Holm Family Cookbook

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Cowgirl's Foodie Blog

The Knockout Martini and Infusing Spirits with Fruit & Herbs

Posted by holmfamilycookbook on July 28, 2013 at 12:20 AM

Our "classroom" for the infusing spirits class

Several weeks ago some friends and I went to an infusing spirits with fruit and herbs class at the restaurant at Wente Vineyards in Livermore. The class was interesting and the cocktail we got to drink after the class, a Knockout Martini, was simply incredible. 

Although I have not yet taken the time to try it on my own, infusing spirits with fruit appears to be very simple, as you use the amount of alcohol it takes to cover the fruit in the glass container you will be using to store the fruit and alcohol during the infusing process. I think infusing spirits with herbs may be a little trickier and may require some trial and error to get the flavor right.  A couple of important things that I took away from the class was that you should always use glass containers to infuse the spirits and that the staff at Wente store their infusing spirits in the refrigerator as a food safety precaution.

Below is a list of the types of spirits and the fruits and herbs that the Wente staff recommends for infusing.  

Vodka: Hot peppers, basil, citrus fruits, watermelon, ginger, rosemary, thyme, pumpkin, cucumber, sage, berries, green tea, pears

Rum: Pineapple, tropical fruits, mint, herbs, ginger, mango, kumquats, quince

Bourbon: Peaches, apricots, citrus fruits, mint, cranberries, cinnamon, spices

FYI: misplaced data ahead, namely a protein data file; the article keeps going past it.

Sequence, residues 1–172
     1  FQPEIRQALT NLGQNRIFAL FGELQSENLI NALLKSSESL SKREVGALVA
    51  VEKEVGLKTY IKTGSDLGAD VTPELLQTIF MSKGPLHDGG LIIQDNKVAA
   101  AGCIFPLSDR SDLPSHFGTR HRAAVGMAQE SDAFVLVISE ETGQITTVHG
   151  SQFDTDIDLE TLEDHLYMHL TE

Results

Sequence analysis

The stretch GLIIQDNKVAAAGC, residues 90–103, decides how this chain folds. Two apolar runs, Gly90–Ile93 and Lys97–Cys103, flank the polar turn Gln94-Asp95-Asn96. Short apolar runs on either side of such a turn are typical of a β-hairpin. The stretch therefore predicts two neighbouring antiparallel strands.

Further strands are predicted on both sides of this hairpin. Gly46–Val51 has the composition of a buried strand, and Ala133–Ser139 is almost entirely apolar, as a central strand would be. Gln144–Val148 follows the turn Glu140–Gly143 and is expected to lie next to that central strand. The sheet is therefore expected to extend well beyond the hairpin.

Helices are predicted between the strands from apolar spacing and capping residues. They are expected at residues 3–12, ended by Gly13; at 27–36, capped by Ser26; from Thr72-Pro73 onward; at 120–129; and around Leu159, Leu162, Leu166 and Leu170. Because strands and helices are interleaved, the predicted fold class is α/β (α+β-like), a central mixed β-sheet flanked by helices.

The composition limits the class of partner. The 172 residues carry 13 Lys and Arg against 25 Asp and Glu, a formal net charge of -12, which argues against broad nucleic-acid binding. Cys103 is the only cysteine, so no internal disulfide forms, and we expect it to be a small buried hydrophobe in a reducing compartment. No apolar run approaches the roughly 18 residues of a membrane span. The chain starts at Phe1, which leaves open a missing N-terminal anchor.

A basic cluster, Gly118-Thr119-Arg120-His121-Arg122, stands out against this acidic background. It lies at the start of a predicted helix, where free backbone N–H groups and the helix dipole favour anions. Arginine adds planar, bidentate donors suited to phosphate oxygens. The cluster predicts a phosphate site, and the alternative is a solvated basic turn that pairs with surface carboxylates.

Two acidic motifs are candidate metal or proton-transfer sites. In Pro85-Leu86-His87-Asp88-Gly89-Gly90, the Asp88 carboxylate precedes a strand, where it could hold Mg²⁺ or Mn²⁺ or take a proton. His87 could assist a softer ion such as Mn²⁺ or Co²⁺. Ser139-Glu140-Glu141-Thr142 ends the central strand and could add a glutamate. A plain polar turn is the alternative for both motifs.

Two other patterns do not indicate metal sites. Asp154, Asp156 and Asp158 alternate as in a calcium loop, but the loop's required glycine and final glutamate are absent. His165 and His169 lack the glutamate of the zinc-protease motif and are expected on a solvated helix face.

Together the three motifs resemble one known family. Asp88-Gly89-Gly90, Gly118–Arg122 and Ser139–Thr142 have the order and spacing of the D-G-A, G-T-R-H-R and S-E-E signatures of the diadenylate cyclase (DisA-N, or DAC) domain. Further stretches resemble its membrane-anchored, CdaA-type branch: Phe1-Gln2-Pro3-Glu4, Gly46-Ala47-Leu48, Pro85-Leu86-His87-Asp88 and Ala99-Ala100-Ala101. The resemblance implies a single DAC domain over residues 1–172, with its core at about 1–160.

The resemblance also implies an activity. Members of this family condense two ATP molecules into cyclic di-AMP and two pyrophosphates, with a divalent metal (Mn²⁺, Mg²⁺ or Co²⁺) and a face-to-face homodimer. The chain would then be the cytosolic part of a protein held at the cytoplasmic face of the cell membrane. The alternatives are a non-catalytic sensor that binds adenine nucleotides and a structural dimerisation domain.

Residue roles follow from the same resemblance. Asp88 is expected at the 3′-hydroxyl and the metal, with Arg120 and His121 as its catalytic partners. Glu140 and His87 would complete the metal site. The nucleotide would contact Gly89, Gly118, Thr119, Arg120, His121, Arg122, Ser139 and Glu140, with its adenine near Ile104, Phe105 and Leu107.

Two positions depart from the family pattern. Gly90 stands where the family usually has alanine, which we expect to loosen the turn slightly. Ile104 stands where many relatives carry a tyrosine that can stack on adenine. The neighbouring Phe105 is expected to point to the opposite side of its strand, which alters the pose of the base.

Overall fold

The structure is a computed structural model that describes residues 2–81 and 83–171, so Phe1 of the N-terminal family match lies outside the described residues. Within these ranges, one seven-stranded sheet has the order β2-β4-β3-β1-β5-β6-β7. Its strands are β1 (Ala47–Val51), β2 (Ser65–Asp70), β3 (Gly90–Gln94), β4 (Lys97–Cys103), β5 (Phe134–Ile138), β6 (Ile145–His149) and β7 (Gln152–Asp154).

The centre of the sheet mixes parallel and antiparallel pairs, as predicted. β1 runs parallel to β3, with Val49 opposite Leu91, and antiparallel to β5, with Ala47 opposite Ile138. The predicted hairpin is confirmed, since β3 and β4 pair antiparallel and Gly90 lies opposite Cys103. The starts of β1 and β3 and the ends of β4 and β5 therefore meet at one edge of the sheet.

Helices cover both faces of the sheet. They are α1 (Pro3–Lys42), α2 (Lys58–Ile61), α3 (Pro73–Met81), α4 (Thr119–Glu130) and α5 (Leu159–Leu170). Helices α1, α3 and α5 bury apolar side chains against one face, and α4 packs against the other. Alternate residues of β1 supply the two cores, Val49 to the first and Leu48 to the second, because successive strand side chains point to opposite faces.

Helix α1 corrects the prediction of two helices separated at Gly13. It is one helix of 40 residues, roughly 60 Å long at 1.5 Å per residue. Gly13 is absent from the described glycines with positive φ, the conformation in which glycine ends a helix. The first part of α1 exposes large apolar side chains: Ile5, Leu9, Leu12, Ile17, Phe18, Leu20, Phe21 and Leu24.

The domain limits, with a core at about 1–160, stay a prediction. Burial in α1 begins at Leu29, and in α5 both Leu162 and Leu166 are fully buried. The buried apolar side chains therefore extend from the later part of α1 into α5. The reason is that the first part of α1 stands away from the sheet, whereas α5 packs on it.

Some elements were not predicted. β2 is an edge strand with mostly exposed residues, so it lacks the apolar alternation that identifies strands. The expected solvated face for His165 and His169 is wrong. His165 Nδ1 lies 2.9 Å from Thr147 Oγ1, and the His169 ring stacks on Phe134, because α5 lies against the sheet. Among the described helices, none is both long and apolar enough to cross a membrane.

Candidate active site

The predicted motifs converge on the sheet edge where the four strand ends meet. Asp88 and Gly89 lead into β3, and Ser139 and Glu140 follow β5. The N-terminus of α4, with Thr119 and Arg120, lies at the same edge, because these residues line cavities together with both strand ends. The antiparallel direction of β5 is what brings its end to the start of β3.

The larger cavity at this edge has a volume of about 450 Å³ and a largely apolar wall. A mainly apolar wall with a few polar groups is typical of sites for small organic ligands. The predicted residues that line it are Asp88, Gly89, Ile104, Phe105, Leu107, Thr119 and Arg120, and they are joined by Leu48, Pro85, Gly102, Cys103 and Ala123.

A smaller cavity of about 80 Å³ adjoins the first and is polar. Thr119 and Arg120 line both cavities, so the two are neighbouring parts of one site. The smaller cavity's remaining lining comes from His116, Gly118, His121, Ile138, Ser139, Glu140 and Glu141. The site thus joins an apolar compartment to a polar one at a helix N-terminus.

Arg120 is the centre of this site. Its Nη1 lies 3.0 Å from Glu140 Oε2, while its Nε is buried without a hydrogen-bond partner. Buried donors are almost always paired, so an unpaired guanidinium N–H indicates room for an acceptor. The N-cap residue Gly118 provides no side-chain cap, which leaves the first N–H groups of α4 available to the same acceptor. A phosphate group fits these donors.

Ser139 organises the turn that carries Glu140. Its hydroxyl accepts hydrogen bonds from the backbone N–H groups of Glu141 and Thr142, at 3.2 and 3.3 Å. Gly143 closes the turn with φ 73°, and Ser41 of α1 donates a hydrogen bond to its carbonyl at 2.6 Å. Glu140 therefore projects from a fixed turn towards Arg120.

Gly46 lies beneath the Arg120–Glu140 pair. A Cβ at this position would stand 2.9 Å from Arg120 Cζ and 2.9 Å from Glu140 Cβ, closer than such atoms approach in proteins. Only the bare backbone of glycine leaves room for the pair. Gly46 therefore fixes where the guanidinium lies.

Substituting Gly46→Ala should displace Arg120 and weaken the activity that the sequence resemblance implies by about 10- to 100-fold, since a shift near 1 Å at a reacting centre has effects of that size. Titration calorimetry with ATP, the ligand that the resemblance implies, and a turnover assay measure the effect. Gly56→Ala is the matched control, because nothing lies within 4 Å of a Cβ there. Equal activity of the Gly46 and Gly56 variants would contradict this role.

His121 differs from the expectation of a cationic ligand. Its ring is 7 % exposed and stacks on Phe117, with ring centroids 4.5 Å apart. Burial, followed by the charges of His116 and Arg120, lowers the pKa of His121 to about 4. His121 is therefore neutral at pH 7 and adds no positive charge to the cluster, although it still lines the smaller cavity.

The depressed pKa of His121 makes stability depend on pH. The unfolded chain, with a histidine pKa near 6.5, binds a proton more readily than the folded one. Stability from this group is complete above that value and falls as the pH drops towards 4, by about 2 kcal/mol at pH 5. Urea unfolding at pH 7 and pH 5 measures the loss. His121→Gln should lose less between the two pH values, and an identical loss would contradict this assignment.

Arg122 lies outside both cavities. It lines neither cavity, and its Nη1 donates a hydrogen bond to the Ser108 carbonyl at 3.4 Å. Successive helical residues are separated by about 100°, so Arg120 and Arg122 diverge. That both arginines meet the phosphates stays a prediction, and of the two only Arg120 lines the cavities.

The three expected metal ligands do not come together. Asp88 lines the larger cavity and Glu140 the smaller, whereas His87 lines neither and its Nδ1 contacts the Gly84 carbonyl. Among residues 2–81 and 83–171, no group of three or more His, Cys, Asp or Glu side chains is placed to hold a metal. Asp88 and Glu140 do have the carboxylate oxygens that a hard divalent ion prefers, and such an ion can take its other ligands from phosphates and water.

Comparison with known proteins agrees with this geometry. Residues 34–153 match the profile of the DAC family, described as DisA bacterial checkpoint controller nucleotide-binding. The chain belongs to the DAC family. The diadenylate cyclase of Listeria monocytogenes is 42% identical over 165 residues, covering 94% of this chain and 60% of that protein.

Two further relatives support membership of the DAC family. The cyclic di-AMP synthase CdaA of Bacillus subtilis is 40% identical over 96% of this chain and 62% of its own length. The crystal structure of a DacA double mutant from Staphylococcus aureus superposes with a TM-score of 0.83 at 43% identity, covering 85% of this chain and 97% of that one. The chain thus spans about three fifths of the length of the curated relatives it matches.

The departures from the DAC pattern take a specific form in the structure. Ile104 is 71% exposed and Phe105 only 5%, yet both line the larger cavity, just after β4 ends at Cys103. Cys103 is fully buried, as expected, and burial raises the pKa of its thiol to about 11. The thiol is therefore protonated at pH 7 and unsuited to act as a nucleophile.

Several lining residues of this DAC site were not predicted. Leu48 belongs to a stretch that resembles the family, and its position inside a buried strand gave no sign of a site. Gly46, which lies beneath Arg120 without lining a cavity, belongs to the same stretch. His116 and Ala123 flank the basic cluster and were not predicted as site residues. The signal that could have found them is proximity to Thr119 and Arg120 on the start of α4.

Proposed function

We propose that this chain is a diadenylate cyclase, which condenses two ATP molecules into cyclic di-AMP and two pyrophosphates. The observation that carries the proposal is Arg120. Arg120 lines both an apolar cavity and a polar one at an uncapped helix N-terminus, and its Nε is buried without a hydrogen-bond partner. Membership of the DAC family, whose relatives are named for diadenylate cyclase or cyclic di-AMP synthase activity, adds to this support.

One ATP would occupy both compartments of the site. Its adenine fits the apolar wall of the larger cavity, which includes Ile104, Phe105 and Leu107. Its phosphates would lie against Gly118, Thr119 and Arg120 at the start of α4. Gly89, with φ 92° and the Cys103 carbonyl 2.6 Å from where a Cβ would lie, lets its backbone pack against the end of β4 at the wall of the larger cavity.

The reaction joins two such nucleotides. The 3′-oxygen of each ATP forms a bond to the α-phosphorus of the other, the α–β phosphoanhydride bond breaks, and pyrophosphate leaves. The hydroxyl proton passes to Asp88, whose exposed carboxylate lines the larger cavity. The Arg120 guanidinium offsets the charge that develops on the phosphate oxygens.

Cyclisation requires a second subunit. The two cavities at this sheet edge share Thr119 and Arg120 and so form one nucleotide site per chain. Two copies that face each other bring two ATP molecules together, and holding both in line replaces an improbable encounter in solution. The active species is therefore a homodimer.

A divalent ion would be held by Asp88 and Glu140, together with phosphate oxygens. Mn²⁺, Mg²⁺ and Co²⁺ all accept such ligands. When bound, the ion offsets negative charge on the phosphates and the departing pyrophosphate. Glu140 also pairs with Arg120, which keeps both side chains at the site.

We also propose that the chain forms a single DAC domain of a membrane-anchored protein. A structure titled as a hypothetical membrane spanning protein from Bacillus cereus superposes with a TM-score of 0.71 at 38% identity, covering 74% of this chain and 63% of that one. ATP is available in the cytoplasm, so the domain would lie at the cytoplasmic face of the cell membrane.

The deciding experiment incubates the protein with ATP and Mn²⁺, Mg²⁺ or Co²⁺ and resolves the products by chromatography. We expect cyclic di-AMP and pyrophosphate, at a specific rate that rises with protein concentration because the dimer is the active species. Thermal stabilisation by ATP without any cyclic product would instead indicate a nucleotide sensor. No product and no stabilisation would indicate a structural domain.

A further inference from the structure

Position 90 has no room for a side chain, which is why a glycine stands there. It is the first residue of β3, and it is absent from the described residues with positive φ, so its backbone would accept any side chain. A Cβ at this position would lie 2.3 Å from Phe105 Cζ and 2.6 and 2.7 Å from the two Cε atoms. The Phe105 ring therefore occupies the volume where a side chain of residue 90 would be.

Gin: Lavender, citrus fruits, cucumber, mint, basil, roses, grapefruit, green tea, sage, elderflower

Tequila: Hot peppers, melon, cilantro, kiwi, pineapple, berries

In addition to Wente's ideas, here is a Danish website with instructions for making schnapps with fresh fruit:




The Knockout Martini


Knockout Infusion (to be used to make Knockout Martini)

1 liter Pinnacle Orange Vodka

1/3 liter Absolut Mandrin

1 pineapple

Cut the ends and the skin off of a whole pineapple. Slice away the core of the pineapple and then cut the remaining pineapple into one or two inch chunks. The chunks don't have to be perfect. Place the pineapple into a large glass container (a Mason jar would work very well for this). Do not use a plastic container as the plastic can adversely change the taste of your end product. Pour the vodka into the glass container over the pineapple. Place the pineapple in the glass container in the refigerator for approximatley five to seven days. After the five to seven days, strain the liquor into a large container. Place the pineapple pieces into a blender and puree. Use a strainer with fine holes to strain the pureed pinapple into the liquor (you may even want to use cheesecloth). Use a spatula to press all of the juice out of the pureed fruit. Once this process is complete, it is ready for mixing drinks.

Knockout Martini

To make the Knockout Martini, the staff poured a few ounces of the Knockout Infusion into a cocktail shaker with ice and added some simple syrup. After shaken well, the drink was poured into a glass with a sugared rim.

I think when I finally get around to making my own Knockout Infusion, I will hold back some of the infused pineapple to use as garnishes on the martini.